As of September 2013, 73 percent of online adults use social networking sites of some kind. Individuals increasingly seem to be becoming more comfortable about posting details about their private lives that are broadcasted online for the world to see. This can mean bad news for those who break the law, as police departments around the world are increasingly turning to Facebook and other social media sites to catch criminal offenders.
|Image via stateofdigital.com|
Police are using YouTube to spread surveillance videos and authorities can even use Twitter to help them predict crime rates. In Pennsylvania, one police department used Pinterest to create a gallery of mugshots, which led to a 57 percent increase in arrests.
Sometimes, police don’t have to look hard on social media sites to catch criminals. One burglar in Florida who broke into a car dealership dropped his license on the floor of the dealership, then posted a photo on Facebook of him holding one of the car keys he had just stolen. In Pennsylvania, another man shared a wanted photo of himself on Facebook and taunted police for not being able to find him. Authorities arrested him less than two hours later.
Facebook is just one site that many law enforcement officials are using to gather evidence in order to solve crimes. Sharing posts on Facebook is just one way police can spread information about offenders. Police look at public information supplied on the site and sometimes create fake online identities to befriend suspects and view their private information. They can also request “private information directly from social networks with subpoenas or warrants, or make an emergency request for user information if they think there's an imminent threat of danger.”
Although there has been an increase in public online information, police might not always be resorting to correct practices in order to catch criminals on social media. Last year, the Justice Department released a social media guide that “explicitly tells officers to create fake Facebook profiles,” even though Facebook bans the practice.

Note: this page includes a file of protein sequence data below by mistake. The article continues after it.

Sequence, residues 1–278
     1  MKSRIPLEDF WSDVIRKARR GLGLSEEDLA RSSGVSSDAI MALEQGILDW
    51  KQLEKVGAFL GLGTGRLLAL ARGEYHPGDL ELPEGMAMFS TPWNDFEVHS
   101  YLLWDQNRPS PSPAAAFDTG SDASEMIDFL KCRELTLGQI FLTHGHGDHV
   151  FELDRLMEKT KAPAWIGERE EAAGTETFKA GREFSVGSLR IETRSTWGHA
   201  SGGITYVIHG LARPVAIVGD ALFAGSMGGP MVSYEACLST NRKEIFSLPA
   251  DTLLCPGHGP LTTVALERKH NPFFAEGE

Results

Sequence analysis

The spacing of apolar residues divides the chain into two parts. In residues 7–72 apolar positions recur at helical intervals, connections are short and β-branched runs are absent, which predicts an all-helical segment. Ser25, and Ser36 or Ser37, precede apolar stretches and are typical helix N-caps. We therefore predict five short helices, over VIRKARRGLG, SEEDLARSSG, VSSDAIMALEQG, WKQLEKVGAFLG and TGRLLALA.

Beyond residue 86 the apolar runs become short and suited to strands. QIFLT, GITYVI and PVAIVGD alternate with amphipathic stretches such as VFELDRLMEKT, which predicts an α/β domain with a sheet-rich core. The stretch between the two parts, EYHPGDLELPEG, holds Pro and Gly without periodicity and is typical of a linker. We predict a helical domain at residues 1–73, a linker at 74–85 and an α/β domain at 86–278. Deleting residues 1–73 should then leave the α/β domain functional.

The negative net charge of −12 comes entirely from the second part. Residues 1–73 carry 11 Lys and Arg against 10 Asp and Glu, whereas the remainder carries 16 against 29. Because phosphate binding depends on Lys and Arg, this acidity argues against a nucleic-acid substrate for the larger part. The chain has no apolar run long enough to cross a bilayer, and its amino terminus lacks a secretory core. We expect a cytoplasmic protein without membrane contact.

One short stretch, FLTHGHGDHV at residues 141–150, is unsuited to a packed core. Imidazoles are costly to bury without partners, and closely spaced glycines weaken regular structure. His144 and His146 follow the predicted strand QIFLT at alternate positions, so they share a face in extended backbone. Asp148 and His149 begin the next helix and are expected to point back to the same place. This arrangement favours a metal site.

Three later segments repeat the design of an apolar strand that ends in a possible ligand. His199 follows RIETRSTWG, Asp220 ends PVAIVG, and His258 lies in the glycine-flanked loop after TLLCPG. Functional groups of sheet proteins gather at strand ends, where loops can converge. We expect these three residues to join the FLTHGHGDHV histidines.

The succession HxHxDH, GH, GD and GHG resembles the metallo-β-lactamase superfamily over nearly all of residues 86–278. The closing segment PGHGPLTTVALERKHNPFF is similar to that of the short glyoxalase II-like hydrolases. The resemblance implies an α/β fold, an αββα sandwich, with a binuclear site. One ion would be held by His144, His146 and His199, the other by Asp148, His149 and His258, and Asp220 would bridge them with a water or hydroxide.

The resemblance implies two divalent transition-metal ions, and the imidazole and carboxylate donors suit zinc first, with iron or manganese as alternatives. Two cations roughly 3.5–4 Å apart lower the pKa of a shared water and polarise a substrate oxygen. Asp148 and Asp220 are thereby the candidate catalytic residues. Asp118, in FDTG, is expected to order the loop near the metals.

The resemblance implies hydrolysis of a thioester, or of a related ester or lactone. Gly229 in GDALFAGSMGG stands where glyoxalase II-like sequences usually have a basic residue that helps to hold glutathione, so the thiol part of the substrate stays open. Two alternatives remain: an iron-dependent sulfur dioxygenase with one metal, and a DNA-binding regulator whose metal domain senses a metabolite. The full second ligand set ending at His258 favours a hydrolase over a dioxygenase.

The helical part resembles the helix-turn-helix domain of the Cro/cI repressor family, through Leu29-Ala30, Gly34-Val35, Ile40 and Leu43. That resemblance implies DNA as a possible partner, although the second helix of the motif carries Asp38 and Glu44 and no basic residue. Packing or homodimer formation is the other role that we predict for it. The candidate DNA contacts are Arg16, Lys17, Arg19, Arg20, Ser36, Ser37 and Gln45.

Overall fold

In 2012, Facebook bought Face.com, an Israeli startup company that had developed accurate facial recognition software in photos that were uploaded from online and mobile applications. Now, Facebook researchers are working on facial recognition software called DeepFace.
Facebook’s DeepFace algorithms can detect faces in photos with up to 97.25% accuracy, regardless of lighting conditions or angles, making the facial recognition software as nearly accurate as a human’s.
DeepFace technology uses artificial intelligence known as “deep learning” The AI software uses networks of simulated neurons to learn to recognize patterns in large amounts of data. It works by using a 3D model of an average human being, in which the software positions the face to look forward. Then, it creates a simulated neural network to work out a numerical description of the face to determine if it is similar to another from a different image.
Eventually, Facebook plans to use DeepFace to better identify faces for people to tag in the photos you upload to the site. DeepFace algorithms have also “been successfully tested for facial verification within YouTube videos, but this was challenging because the imagery was not as sharp compared to photos.”
Facebook’s current facial recognition software analyzes “the distance between an individual's eyes and nose in both profile pictures and already tagged images.” It is now only a matter of time before Facebook will get better at detecting faces because of these advances in “deep learning” technology and artificial intelligence.
DeepFace is just a research project for now, but the implications for this technology in the future are endless, as law enforcement officials might be able to better identify and catch criminals in photos and videos posted online. With the ability to potentially identify and track people everywhere, new questions and concerns about privacy are sure to arise from the use of this software.
With these advances in technology, it is possible that in the near future, “you could see someone on the street, point your iPhone at [them], and pull up a list of possible identity matches within seconds.” For now, as far as law enforcement is concerned, if it’s on the Internet–it’s fair game.
So as always, the lesson here is to be careful about what you post on social media sites, or you may face legal consequences.
This was originally posted at the Eagle Strategies blog.